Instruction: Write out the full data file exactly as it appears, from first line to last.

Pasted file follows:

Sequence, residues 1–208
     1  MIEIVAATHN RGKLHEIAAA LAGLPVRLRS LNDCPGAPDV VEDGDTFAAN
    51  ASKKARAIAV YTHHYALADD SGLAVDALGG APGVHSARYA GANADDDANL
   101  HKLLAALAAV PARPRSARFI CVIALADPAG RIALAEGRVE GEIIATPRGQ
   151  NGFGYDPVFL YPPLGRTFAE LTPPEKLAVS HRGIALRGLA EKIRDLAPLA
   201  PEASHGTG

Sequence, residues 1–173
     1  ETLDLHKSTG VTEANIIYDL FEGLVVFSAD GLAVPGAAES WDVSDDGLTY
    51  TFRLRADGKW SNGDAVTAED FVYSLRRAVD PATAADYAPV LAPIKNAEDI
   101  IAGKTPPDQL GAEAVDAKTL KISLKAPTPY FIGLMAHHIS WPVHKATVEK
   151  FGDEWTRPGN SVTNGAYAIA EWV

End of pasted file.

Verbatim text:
Sequence, residues 1–208
     1  MIEIVAATHN RGKLHEIAAA LAGLPVRLRS LNDCPGAPDV VEDGDTFAAN
    51  ASKKARAIAV YTHHYALADD SGLAVDALGG APGVHSARYA GANADDDANL
   101  HKLLAALAAV PARPRSARFI CVIALADPAG RIALAEGRVE GEIIATPRGQ
   151  NGFGYDPVFL YPPLGRTFAE LTPPEKLAVS HRGIALRGLA EKIRDLAPLA
   201  PEASHGTG

Sequence, residues 1–173
     1  ETLDLHKSTG VTEANIIYDL FEGLVVFSAD GLAVPGAAES WDVSDDGLTY
    51  TFRLRADGKW SNGDAVTAED FVYSLRRAVD PATAADYAPV LAPIKNAEDI
   101  IAGKTPPDQL GAEAVDAKTL KISLKAPTPY FIGLMAHHIS WPVHKATVEK
   151  FGDEWTRPGN SVTNGAYAIA EWV